Hinkle v. Schmider, 70 N.M. 349, 373 P.2d 918 (1962)

June 12, 1962 · Supreme Court of New Mexico · No. 6873
70 N.M. 349, 373 P.2d 918

373 P.2d 918

Gene HINKLE, d/b/a Hinkle & Co., Realtors, Plaintiff-Appellee, v. Jack SCHMIDER, Norma Schmider and Walter Schmider, Defendants-Appellants.

No. 6873.

Supreme Court of New Mexico.

June 12, 1962.

Rehearing Denied Aug. 28, 1962.

*350Julius Wollen, Sutin & Jones, (on motion for rehearing) Albuquerque, for appellants.

Richard C. Civerolo, Pete V. Domenici, Albuquerque, for appellee.

CARMODY, Justice.

This is a suit by a real estate broker for his commission in a situation where the final purchase was not consummated,’ it having been determined in Bellamah v. Schmider, 1961, 68 N.M. 247, 360 P.2d 656, that the contract could not be specifically enforced because of a deficient tender of the down-payment. The defendant seller appeals from the granting of judgment in favor of the plaintiff broker.

The only real question concerns the claimed lack of good faith on the part of the plaintiff in failing to disclose the identity of the prospective purchaser, the defendants maintaining that the plaintiff had been instructed not to negotiate with the individual involved.

The case concerns the proposed sale of land which was involved in Bellamah v. .Schmider, supra, but, except for the fact that the contract was found not specifically enforcible as between Bellamah and the defendants in that and in this case, there is little factual similarity. Actually, the instant case is concerned with the option signed by the sellers and the purchaser, whereas in Bellamah the controversy was with respect to a contract which superseded the option.

The defendants here failed in their brief to properly attack the findings, relying only on the testimony favorable to the defendants, making almost no reference to the proof supporting the decision and actually not even mentioning the findings of the trial court, except at one place in their brief wherein it is claimed “that the trial court committed reversible error by its Finding of Fact No. 4 and Conclusions of Law No. 1 and No. 3.”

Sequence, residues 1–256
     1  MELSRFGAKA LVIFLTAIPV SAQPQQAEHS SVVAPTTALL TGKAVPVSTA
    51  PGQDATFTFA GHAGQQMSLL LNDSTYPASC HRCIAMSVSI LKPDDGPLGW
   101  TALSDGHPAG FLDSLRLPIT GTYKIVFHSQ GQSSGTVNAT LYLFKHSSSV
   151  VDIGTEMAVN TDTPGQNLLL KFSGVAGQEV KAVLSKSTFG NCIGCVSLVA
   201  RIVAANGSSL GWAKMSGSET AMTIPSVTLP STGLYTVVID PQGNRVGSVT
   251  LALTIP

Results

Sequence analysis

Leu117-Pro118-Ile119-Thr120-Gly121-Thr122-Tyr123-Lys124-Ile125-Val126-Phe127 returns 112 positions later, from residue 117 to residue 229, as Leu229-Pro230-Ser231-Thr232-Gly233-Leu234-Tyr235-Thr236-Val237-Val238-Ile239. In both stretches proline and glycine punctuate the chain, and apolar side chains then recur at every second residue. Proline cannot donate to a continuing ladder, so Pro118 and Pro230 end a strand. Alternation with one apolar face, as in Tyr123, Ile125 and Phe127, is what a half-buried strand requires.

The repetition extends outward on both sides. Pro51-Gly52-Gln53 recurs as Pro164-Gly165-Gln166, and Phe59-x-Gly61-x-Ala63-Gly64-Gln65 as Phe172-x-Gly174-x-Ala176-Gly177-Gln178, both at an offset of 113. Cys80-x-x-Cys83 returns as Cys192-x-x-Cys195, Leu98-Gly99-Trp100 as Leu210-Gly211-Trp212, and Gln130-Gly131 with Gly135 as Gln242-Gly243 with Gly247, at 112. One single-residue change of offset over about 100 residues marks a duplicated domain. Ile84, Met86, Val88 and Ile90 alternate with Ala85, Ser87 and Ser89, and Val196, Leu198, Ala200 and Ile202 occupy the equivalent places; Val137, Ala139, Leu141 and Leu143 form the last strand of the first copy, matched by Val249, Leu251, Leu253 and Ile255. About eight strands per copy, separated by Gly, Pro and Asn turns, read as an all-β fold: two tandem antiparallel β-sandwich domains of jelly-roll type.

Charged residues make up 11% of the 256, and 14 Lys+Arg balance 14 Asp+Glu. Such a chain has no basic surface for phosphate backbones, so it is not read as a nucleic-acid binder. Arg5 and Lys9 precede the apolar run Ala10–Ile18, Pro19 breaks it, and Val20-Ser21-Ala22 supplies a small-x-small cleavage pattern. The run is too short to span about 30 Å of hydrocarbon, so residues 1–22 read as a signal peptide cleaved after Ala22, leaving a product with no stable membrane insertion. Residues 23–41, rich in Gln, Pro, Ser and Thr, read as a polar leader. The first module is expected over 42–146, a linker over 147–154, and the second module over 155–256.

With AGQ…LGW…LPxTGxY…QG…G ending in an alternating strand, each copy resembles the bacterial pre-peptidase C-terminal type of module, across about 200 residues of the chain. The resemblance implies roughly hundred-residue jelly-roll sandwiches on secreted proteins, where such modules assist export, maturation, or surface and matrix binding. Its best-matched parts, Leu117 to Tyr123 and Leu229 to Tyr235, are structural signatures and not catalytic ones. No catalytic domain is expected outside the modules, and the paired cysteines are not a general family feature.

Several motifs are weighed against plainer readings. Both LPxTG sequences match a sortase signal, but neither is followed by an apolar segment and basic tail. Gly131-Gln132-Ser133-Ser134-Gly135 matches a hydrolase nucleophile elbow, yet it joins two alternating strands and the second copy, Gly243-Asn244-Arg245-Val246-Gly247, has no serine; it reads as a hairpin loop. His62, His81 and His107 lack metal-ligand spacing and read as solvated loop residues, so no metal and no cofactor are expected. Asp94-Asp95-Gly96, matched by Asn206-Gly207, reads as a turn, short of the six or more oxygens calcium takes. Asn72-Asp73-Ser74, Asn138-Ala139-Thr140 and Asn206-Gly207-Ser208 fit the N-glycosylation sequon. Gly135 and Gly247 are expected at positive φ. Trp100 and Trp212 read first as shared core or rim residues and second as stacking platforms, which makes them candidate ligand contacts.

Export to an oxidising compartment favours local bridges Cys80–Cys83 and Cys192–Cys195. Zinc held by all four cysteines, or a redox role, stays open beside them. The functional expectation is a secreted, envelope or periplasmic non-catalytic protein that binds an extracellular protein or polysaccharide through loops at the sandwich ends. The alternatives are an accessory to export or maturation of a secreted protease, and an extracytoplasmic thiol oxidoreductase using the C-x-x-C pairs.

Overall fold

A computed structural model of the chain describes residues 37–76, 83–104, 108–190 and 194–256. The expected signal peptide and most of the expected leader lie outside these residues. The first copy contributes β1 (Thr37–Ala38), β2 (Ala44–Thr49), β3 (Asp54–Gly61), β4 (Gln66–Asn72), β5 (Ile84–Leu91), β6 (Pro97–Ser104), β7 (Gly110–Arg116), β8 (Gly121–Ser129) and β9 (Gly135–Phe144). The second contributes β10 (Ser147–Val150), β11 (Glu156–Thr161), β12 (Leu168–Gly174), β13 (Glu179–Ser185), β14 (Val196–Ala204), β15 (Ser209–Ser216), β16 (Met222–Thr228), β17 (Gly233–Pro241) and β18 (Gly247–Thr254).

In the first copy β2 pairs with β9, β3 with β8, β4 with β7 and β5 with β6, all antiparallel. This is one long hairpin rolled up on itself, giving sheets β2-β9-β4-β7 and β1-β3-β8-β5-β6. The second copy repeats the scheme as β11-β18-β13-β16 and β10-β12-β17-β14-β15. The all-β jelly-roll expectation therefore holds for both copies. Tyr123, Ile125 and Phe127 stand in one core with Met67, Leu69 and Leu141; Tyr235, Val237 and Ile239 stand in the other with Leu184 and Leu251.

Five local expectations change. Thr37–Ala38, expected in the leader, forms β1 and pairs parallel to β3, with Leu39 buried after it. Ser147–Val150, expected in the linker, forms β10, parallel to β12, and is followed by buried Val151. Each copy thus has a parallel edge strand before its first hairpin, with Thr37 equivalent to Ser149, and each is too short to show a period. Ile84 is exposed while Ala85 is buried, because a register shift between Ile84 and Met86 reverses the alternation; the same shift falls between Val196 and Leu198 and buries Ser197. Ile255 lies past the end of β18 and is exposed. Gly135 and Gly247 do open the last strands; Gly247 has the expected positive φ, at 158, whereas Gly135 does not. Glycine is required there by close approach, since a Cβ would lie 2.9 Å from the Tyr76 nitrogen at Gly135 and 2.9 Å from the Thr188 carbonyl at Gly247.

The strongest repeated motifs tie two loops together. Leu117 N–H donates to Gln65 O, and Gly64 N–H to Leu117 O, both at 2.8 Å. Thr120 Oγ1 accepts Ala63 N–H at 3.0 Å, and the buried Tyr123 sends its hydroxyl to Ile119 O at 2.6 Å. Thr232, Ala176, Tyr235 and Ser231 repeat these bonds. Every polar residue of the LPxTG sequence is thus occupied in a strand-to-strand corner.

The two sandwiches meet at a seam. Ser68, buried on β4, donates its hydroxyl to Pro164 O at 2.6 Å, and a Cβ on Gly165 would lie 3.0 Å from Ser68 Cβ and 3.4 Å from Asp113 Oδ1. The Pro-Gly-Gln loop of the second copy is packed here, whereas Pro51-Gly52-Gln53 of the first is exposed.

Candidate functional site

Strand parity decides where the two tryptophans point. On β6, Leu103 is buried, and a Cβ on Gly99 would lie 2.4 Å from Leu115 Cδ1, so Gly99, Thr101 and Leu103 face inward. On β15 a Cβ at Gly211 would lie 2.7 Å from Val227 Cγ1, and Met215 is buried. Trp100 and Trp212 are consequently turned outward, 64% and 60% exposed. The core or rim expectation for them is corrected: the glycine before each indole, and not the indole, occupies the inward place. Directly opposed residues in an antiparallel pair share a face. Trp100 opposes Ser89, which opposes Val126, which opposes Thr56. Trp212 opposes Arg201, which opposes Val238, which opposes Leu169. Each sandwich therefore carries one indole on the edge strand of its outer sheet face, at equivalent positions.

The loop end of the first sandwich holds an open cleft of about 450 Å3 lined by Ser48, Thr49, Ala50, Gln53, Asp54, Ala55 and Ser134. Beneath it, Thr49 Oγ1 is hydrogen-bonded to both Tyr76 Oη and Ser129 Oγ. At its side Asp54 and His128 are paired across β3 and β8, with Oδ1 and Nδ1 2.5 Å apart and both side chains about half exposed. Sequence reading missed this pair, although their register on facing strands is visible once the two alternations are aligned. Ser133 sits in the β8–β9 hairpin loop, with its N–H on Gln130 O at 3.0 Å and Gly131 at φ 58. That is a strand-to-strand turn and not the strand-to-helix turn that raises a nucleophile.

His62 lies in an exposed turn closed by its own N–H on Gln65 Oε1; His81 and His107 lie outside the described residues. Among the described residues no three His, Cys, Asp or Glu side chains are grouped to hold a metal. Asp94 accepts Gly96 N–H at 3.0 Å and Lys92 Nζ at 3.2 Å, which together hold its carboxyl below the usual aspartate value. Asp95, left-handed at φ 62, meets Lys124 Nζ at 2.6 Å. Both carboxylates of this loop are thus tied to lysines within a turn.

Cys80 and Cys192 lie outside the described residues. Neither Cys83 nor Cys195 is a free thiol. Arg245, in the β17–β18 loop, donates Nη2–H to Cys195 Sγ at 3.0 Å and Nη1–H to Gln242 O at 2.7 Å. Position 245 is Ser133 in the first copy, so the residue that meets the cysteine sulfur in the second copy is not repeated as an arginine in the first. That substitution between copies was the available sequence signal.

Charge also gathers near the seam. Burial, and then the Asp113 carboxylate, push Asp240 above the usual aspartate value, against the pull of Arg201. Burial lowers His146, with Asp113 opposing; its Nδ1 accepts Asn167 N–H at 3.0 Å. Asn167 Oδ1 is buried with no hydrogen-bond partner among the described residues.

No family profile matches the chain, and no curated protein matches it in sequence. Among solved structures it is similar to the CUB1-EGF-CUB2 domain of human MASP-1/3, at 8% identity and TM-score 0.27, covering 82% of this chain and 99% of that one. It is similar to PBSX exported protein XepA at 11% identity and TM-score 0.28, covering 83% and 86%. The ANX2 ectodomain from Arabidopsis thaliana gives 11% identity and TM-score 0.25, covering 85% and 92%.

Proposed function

Our cases are almost without number in which we have said that, absent a proper attack on the findings, the facts so found will be the facts upon which our decision is based. Drake v. Rueckhaus, 1961, 68 N.M. 209, 360 P.2d 395; Bogle v. Potter, 1961, 68 N.M. 239, 360 P.2d 650; Swallows v. Sierra, 1961, 68 N.M. 338, 362 P.2d 391; and Hickman v. Mylander, 1961, 68 N.M. 340, 362 P.2d 500. Therefore, we will consider that the trial court’s findings are the facts before us. These are as follows:


“l.: At all times material herein, above plaintiff was a duly qualified and licensed real estate broker in New *351Mexico, and one Phil Black a duly qualified and licensed agent and salesman, working for plaintiff. That defendants were owners of real estate in Albuquerque, New Mexico, which they desired to sell.
“2. On February 4, 1958 said Phil Black, working for plaintiff, procured from defendant Jack Schmider, a married man, two Written listings covering 37^2 acres in Albuquerque, New Mexico, and from his brother, Walter Schmider, single, two written listings covering an adj oining 32.8 acres; that one of said listings from each brother covered the offering for sale of said property through the Multiple Listing Service of the Albuquerque Board of Realtors of Albuquerque, and the other of said listings gave plaintiff the exclusive right to sell same until May 4, 1958. These listings are covered by Plaintiff’s exhibits 1 to 4 inclusive.
“3. On March 31, 1958 said brothers, joined by Norma Schmider, wife of Jack, executed an Option Agreement, Plaintiff’s Exhibit 5 herein, whereby they agreed to sell to ‘an undisclosed principal, represented by Gene E. Hinkle, Realtor, hereinafter known as Purchasers’, the property in question, which agreement was thereafter carried to Dale J. Bellamah, who on April 1, 1958 executed the same as Purchaser. Said contract specifies a sales price of $190,000.00 and provides for a 6% real estate commission on said price, plus 3% sales tax on said commission.
“4. That the father of said brothers, Ed Schmider, who was their adviser, was opposed to selling said land to said Dale J. Bellamah. Nevertheless, he went along with the brothers signing said option, the evidence being conflicting as to whether or not said Bellamah’s name was mentioned during the negotiations or whether inquiry concerning him as purchaser was made.
“5. That plaintiff procured a purchaser ready, willing and able to purchase said property on terms acceptable to said defendants, and that the 6% commission thereon is $11,400.00 and the sales tax thereon $342.00, for which latter sums plaintiff is entitled to judgment against defendants Walter Schmider and Jack Schmider.”

The trial court’s conclusions, based upon the above findings, are:


“1. That plaintiff did not violate his fiduciary relationship with defendants, whom he represented as owners and sellers of the land in question.
“2. Said listings, Plaintiff’s Exhibits 1 through 4, constitute sufficient memo*352randa under the statutes of New Mexico, providing that agreements for real estate brokers’ commissions be in writing.